Krysten Bold, PhD, assistant professor of psychiatry, has received an R01 grant from the National Institute on Drug Abuse (NIDA) to study the impact of a menthol flavor ban in cigarettes and e-cigarettes to inform tobacco policy.
Menthol cigarettes remain a large public health problem. Menthol cigarette use is associated with greater nicotine dependence and lower rates of quitting smoking, and rates of menthol cigarette use are highest nationally among Black adults, contributing to tobacco-related health disparities.
The FDA has announced a plan to ban menthol flavor in cigarettes, and Bold’s project will provide information to support these tobacco policies by studying the potential effect of a menthol ban in cigarettes, e-cigarettes, or both products.
It is possible that allowing menthol flavors in e-cigarettes will help adults stop smoking, particularly if menthol cigarettes are banned. However, if menthol flavors in e-cigarettes are not helpful for adults to stop smoking, then the FDA may consider banning these flavors as well to protect public health.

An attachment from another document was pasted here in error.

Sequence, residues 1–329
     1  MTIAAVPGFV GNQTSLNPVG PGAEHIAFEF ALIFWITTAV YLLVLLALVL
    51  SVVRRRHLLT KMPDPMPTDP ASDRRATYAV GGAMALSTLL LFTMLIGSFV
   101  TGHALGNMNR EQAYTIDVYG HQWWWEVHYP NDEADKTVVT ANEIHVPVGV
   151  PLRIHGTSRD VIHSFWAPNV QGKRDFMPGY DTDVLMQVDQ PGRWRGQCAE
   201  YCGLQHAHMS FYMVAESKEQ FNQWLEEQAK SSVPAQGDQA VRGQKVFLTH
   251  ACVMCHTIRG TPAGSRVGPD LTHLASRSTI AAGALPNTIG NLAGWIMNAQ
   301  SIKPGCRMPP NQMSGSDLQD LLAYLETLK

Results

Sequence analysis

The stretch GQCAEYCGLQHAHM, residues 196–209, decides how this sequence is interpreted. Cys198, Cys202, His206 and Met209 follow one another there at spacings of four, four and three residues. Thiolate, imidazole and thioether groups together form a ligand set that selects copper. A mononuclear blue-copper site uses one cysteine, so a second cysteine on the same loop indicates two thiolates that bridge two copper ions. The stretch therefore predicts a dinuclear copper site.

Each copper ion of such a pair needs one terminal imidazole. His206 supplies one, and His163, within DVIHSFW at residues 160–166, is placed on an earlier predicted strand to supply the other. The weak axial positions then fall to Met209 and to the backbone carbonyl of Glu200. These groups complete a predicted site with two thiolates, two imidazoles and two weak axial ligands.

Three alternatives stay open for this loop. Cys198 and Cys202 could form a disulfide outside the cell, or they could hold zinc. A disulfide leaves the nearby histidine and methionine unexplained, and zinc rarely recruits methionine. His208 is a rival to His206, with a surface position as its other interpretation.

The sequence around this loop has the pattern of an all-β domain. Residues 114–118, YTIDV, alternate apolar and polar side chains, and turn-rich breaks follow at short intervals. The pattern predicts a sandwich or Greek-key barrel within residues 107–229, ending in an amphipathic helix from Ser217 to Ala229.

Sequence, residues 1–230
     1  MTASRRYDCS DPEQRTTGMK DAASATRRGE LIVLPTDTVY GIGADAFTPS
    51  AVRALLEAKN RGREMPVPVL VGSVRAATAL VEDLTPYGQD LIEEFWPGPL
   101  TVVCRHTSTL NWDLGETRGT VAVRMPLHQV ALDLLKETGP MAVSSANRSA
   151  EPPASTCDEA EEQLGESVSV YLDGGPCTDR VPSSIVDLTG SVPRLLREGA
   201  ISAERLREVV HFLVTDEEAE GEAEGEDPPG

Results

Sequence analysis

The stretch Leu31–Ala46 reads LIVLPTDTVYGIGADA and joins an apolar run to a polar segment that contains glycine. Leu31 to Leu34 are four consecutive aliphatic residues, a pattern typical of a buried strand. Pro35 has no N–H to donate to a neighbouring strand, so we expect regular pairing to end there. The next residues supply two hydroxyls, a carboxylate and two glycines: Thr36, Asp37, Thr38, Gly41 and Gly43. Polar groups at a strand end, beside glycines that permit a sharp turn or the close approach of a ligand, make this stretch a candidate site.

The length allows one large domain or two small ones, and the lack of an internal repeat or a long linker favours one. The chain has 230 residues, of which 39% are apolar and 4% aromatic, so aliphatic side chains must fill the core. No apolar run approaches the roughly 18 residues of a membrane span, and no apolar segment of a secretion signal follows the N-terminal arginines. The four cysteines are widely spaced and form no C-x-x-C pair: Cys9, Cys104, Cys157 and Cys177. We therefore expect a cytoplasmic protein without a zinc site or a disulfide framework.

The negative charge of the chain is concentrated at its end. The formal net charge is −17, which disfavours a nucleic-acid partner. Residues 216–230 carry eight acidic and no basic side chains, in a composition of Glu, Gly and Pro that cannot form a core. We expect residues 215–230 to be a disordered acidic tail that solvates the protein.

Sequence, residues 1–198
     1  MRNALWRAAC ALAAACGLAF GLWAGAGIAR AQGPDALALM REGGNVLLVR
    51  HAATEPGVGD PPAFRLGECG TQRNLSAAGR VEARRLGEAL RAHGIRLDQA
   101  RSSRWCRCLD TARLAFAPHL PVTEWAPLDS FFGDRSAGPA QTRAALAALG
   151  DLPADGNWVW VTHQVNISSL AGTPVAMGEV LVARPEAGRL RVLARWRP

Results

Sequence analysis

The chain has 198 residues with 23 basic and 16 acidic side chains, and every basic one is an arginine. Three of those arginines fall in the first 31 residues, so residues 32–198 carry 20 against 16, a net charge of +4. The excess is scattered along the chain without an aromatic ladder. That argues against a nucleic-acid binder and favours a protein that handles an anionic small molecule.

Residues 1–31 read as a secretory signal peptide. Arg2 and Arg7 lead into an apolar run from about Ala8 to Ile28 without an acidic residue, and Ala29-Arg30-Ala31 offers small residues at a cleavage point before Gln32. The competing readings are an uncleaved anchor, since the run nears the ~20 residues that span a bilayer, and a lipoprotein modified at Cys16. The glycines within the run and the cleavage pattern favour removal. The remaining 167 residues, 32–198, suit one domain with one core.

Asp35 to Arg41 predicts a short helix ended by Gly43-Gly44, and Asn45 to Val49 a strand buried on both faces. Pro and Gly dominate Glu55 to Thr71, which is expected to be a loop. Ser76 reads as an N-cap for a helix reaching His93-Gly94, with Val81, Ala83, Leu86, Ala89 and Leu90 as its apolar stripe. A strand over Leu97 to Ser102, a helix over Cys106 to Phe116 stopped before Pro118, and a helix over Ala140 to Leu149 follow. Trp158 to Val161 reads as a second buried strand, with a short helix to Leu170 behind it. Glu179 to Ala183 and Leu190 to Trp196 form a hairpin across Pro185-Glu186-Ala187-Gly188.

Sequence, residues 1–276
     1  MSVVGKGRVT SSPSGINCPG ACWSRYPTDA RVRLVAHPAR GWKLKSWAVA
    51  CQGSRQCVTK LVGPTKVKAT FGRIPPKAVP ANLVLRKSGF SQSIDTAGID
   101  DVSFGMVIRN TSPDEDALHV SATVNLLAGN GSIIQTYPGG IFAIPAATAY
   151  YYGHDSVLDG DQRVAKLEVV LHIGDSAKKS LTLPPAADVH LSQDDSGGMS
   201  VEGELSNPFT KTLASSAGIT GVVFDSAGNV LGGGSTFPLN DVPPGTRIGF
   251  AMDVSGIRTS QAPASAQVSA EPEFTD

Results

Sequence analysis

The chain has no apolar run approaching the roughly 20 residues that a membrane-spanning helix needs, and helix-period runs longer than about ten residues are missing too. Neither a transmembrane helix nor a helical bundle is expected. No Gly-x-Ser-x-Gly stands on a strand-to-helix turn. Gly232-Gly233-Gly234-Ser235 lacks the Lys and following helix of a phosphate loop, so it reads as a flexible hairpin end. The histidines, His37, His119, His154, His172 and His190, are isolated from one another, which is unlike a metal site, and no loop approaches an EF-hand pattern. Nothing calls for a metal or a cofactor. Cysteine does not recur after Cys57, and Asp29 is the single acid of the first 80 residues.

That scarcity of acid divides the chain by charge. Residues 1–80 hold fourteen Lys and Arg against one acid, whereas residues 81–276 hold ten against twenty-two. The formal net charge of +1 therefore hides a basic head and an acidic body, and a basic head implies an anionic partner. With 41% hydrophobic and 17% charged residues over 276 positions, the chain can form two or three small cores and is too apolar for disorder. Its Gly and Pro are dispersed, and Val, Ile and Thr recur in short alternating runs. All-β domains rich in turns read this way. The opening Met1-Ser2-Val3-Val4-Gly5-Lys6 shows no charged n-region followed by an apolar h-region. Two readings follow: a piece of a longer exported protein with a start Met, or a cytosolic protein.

Her research team will recruit 150 adults who currently smoke menthol cigarettes and participants will have an opportunity to use products either with or without menthol flavor for eight weeks to model different regulatory scenarios where menthol is banned in either cigarettes, e-cigarettes, or both products. The primary outcome will evaluate changes in the number of cigarettes smoked per day and will examine differences between those using products with or without menthol.
Researchers will evaluate changes in smoking behavior and compare the number of smoke-free days; changes in nicotine dependence; and motivation, confidence, and intentions to quit smoking. They will examine whether changes in the outcomes differ by Black vs. non-Black participants to compare the magnitude of the effect of the various menthol ban scenarios by race.
Results will contribute critical information to inform regulatory policies regarding menthol in cigarettes and e-cigarettes to maximally reduce the use of combustible cigarettes and promote health equity.